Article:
Picture the scene. It’s a nice sunny day so you decide to head to the park for an afternoon. You have some food, drink, and a football. You are all set. After rocking up and finding a nice spot you settle down to an afternoon in the sun. All is going well, but there are some funny noises you can’t make out. You scan the sky and trees for birds you might not normally see. Nothing. But the noises remain. Then you spot the source of the noise. There are four people in the corner on a picnic blanket, away from everyone, playing wind instruments, tapping sticks, whistling, and making guttural noises. You can’t keep your eyes off them while they continue their performance. 40-minutes later they stop and eventually leave.
Of course, this isn’t what happened. I wasn’t in the park when Kate Armitage, David Birchall, THF Drenching and Lowri Evans decided to descend and give an impromptu, and improvised, performance. There is an energy to the show that is captivating. Each performer is giving the other three room to breathe whilst being able to play what compliments the others. It’s a fun piece of music. On the surface Concert in the Park feels like a follow up to Armitage and Drenching’s Sippy Cup Fresh Pond album from 2018. That recording consisted of Armitage and Drenching playing improvised music on small instruments whilst also using their voices, but Concert in the Park feels like a more ambitious performance.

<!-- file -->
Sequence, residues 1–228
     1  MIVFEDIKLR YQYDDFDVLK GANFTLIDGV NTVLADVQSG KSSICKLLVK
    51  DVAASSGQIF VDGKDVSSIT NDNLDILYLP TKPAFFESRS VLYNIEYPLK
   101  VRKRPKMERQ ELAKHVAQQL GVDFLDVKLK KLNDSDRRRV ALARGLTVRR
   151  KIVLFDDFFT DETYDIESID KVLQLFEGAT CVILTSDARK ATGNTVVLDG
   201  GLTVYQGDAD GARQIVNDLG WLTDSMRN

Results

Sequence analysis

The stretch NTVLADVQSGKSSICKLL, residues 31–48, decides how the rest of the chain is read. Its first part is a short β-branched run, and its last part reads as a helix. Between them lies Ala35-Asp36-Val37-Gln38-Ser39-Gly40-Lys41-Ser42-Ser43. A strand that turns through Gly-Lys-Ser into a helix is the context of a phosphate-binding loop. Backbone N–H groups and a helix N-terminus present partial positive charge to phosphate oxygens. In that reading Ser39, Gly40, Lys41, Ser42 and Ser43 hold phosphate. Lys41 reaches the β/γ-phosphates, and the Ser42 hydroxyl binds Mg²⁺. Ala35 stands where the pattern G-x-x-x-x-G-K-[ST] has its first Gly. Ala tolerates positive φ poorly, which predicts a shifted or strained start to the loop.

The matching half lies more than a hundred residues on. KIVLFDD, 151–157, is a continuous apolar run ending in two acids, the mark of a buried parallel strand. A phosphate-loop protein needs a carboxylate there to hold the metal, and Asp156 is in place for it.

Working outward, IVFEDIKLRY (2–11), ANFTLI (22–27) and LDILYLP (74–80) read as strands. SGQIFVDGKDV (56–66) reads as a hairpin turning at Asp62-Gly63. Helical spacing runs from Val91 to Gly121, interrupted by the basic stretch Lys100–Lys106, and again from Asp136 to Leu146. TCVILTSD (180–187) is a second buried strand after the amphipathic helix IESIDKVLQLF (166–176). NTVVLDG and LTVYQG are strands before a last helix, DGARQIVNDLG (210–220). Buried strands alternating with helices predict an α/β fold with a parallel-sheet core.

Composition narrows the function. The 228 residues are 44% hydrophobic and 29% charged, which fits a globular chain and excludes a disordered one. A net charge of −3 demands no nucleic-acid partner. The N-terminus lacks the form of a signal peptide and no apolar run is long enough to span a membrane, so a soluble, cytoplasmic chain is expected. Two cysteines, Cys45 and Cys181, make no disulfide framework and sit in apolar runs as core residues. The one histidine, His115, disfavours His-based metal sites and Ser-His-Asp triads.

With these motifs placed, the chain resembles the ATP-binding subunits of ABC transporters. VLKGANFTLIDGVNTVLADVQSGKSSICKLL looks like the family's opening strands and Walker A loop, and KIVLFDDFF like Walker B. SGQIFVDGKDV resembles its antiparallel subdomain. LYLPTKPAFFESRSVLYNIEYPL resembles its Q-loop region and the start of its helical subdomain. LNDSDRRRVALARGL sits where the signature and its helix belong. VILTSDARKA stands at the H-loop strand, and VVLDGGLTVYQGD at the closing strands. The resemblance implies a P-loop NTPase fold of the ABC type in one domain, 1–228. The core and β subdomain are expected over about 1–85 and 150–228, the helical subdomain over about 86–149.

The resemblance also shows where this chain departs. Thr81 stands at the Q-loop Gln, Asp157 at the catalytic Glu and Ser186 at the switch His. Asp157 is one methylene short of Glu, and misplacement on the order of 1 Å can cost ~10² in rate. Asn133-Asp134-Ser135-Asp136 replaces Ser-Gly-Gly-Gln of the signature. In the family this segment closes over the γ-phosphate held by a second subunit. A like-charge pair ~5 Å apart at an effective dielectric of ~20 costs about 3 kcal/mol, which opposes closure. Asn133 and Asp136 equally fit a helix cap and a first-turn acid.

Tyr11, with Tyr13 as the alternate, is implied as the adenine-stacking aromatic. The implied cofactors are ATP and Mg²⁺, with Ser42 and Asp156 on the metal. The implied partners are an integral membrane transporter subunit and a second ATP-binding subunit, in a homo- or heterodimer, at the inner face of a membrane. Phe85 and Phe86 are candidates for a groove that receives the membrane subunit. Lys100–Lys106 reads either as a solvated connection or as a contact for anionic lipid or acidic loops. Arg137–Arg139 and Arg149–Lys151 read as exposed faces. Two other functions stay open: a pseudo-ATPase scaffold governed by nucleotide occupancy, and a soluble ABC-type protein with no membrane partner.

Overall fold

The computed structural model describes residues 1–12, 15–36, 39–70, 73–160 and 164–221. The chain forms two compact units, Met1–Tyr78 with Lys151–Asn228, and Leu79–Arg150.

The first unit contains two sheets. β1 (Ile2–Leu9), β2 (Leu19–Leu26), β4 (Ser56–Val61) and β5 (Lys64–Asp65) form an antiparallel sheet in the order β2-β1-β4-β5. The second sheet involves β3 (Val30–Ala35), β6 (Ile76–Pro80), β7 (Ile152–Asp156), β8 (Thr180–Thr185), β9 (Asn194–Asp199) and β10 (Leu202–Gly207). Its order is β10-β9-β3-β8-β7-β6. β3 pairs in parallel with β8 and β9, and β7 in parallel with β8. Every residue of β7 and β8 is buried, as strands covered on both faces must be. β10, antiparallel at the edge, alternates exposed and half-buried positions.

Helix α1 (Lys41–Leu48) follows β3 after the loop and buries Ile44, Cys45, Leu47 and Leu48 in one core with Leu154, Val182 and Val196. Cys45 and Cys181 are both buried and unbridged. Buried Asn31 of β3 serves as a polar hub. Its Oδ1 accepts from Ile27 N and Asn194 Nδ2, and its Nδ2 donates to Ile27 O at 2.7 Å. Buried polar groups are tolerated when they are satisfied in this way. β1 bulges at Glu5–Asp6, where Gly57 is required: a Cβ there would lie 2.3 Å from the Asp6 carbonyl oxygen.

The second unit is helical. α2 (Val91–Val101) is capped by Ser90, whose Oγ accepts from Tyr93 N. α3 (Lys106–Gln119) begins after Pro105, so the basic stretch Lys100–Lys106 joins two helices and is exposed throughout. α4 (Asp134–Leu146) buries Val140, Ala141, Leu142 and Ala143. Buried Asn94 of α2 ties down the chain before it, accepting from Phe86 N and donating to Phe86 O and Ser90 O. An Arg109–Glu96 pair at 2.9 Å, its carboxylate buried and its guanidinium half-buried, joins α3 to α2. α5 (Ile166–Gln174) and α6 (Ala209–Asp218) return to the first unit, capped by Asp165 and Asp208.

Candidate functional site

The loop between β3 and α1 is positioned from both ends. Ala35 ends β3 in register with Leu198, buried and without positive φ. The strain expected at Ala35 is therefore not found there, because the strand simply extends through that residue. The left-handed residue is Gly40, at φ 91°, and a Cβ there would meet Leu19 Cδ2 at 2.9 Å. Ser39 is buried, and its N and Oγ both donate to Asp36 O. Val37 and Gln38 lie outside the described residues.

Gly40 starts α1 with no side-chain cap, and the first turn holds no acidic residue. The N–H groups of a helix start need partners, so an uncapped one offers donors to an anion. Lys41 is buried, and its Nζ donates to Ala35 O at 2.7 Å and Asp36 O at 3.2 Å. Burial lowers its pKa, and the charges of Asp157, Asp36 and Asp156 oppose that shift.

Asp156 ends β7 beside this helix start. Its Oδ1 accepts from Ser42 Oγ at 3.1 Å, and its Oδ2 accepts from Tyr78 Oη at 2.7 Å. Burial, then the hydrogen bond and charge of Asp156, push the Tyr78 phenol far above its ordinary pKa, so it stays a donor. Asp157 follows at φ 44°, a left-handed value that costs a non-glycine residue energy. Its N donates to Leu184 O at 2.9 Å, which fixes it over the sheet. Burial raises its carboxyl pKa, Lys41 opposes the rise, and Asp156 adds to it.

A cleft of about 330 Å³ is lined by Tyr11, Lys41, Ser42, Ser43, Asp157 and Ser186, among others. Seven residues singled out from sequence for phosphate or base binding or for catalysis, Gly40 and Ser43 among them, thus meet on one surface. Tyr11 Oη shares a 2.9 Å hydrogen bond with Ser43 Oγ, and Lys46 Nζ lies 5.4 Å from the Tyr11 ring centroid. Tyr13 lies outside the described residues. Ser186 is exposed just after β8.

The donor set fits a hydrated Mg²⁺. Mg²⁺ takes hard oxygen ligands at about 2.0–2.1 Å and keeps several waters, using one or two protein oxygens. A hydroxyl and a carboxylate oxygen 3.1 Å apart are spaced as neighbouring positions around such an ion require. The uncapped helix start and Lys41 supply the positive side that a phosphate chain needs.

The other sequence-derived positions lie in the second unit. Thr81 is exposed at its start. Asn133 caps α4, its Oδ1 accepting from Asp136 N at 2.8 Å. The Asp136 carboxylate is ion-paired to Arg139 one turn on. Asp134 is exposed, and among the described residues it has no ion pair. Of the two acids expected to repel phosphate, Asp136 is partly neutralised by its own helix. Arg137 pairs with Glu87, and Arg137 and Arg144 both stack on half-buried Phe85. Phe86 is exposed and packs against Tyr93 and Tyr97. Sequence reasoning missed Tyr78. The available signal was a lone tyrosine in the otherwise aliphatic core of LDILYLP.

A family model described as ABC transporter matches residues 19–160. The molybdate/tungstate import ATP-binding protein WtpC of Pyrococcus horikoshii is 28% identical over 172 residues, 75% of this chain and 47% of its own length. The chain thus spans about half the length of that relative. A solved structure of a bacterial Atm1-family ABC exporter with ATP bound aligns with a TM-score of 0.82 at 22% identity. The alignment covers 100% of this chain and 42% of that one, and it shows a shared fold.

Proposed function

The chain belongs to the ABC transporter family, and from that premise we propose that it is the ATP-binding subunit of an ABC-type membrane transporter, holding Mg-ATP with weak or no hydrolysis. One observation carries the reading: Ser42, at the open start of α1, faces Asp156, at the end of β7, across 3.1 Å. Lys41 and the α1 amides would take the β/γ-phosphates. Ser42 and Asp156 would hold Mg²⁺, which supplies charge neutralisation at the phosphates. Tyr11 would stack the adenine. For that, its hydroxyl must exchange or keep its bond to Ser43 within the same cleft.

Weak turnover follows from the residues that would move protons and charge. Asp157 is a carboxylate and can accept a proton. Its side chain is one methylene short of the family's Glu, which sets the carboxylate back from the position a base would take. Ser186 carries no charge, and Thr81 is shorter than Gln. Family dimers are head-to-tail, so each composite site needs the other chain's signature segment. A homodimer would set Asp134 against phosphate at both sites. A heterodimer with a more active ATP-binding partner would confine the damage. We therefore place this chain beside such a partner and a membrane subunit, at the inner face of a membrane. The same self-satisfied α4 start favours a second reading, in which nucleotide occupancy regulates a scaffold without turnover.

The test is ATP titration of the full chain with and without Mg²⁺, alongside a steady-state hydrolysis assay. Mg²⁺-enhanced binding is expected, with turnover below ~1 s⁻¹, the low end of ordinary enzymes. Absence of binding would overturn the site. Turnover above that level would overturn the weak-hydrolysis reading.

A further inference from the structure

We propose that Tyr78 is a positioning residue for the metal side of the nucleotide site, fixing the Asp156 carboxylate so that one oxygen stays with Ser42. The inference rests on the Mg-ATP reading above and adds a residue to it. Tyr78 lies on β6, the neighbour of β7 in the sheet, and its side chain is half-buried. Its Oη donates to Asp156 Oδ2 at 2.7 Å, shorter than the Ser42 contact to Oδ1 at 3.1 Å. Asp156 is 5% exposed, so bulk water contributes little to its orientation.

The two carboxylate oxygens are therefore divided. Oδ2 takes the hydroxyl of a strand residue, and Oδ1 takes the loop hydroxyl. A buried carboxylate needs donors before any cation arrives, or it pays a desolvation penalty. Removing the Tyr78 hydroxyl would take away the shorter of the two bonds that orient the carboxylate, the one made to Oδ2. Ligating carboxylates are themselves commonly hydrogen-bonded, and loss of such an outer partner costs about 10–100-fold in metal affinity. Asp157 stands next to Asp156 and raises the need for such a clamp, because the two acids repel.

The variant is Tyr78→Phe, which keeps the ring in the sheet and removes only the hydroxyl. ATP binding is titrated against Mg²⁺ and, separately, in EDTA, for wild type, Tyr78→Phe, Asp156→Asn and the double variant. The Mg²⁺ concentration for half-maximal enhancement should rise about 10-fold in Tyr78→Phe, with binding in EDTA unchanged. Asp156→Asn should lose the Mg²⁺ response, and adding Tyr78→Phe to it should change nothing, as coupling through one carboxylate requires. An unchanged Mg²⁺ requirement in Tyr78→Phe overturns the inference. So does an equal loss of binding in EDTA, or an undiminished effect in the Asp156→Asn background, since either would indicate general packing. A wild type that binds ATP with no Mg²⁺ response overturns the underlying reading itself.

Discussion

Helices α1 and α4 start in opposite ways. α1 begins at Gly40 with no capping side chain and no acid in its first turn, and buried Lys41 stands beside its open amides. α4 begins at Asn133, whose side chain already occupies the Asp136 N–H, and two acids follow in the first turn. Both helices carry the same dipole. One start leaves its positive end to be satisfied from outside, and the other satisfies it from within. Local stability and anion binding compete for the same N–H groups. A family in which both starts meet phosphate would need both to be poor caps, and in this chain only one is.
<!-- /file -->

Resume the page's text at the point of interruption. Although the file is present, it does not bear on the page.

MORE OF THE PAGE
At first, it’s hard to differentiate atmospheric park noises and the players, but as it progresses you start to pick things out. The tapping manages to go in and out of time at the drop of a hat. The whistling is memorable, and some of it very catchy, the vocal chirps and grunts are great at blending the park and performance into one, but the real star here is the wind flourishes. These immediately grab your attention but play a vital role in moving the music forward and stopping it from stagnating, like the algae on the nearby pond.
What really makes Concert in the Park work is how serene it all is. There are times when you can hear birds in the background, and other park-goers. This grounds the performance into our reality and in the confines of the recordings. It’s also a pretty pleasant, and relaxing, listen. In the past Armitage and Drenching, under their Sippy Cup guise, have really made an absolute racket. There is nothing wrong with that. Those recordings are great too, but here, it’s almost pastoral, like Percy Faith conducting the ducks, flowers and squirrels in one natural symphony.